So what should Fred do, and what should you do in a similar situation with a client who asks for more and more regardless of your industry?
1. Remember that no written agreement is binding until all parties sign it, and you can always void or change an informal agreement to be followed up by a written agreement. Just don't take any money for an agreement until you are sure you want to do it.
2. Remind yourself that it can be better not to take on a project if you will be making substantially less than your usual per hourly rate, after you figure out the number of hours you are likely to spend for that income, and include any of your costs, such as for travel.
3. Factor in the amount of time or any costs involved in doing any extra work that the client is requesting, and assess how much that extra work will impact your earnings for doing the project. Also, consider the likelihood of getting one or more other clients to replace the work for this client and how much you need the income from that client, even if less than your usual hourly earnings.
4. Based on your assessment of likely earnings, likely alternate clients, and your need for income now, decide on whether you want to accept what the client is requesting. If not, ask for more money or doing less of the extra work requested. In other words, be prepared to accept the agreement as is, negotiate, or say no to any extras.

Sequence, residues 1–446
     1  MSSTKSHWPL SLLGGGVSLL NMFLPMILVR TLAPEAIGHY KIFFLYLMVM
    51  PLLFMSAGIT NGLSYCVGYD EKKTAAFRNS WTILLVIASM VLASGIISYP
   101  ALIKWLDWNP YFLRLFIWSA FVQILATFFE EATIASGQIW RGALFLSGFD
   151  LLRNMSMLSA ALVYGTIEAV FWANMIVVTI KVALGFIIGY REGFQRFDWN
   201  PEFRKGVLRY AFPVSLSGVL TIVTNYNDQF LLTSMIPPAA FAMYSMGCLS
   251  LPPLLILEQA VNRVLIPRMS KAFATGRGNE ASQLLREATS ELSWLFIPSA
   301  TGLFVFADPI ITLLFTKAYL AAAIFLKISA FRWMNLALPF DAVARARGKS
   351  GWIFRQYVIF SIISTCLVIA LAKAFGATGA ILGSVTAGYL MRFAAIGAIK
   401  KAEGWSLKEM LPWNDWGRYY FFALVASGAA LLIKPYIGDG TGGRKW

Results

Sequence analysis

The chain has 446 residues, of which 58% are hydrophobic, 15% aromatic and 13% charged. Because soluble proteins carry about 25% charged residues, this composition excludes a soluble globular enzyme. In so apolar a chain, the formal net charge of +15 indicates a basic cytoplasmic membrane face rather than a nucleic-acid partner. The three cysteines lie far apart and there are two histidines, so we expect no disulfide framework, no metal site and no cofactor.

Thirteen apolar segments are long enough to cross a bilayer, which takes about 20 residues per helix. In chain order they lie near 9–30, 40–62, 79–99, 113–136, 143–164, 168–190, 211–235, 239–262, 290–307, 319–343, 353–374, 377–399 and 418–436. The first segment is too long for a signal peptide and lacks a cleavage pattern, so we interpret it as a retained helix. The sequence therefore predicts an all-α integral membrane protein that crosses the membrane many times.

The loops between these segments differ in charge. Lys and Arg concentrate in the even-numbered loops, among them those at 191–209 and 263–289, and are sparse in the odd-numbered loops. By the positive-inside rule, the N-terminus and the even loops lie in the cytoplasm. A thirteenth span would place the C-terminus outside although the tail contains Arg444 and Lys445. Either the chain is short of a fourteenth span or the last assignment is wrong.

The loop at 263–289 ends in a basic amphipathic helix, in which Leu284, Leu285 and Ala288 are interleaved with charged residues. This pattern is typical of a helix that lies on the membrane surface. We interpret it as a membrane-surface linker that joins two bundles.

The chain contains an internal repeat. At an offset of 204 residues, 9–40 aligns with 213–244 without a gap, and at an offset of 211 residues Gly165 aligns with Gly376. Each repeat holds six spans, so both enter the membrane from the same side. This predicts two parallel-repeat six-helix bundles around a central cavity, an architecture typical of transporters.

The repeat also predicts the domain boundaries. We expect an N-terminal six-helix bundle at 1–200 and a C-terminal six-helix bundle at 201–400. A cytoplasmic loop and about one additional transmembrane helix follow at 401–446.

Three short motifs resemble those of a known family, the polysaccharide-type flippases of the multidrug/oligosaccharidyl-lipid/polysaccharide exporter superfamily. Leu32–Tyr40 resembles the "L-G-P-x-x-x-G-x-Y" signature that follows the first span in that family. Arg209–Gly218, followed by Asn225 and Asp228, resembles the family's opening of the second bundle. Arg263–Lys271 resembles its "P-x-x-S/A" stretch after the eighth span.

5. Diplomatically explain to the client how what he or she is asking goes beyond the original scope of the project. Then, discuss various alternatives - the client can pay more; the client can ask for less based on prioritizing what is more or less important; or the client can propose other possibilities.
6. If the client is reasonable and realistic, you can generally work out an understanding. But be prepared if the client is unwilling to make any changes in what he or she is demanding. If so, it may be best to indicate that you can't take on the project, because it will involve too much extra work without compensation; and be ready to walk away. Sometimes this ultimatum may be enough to get the client to agree to your last proposed terms or even come back with a reasonable counter-offer. If not, explain you regretfully can't take on this project at this time and walk away.
In short, recognize when a client is trying to nibble you down to get more for less - and be ready to negotiate for more. Then, turn down an unacceptable arrangement, unless you need to make an exception because you are experiencing a slow-down, and really need the income though it's less than you would normally make for doing that work.
Future posts on this subject will deal with other stories of problems with clients. I invite readers to send in their stories, which I can post and comment on in future blogs.
Gini Graham Scott, PhD, writes frequently about social trends and everyday life. She is the author of over 50 books with major publishers and has published 30 books through her company Changemakers Publishing and Writing. She writes books and proposals for clients and has written and produced over 50 short videos through Changemakers Productions and is a partner in a service that connects writers to publishers, agents, and the film industry. Her latest books include: Resolving Conflict and Lies and Liars: How and Why Sociopaths Lie and How to Detect and Deal With Them.
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Source: Elder Care Huffington Post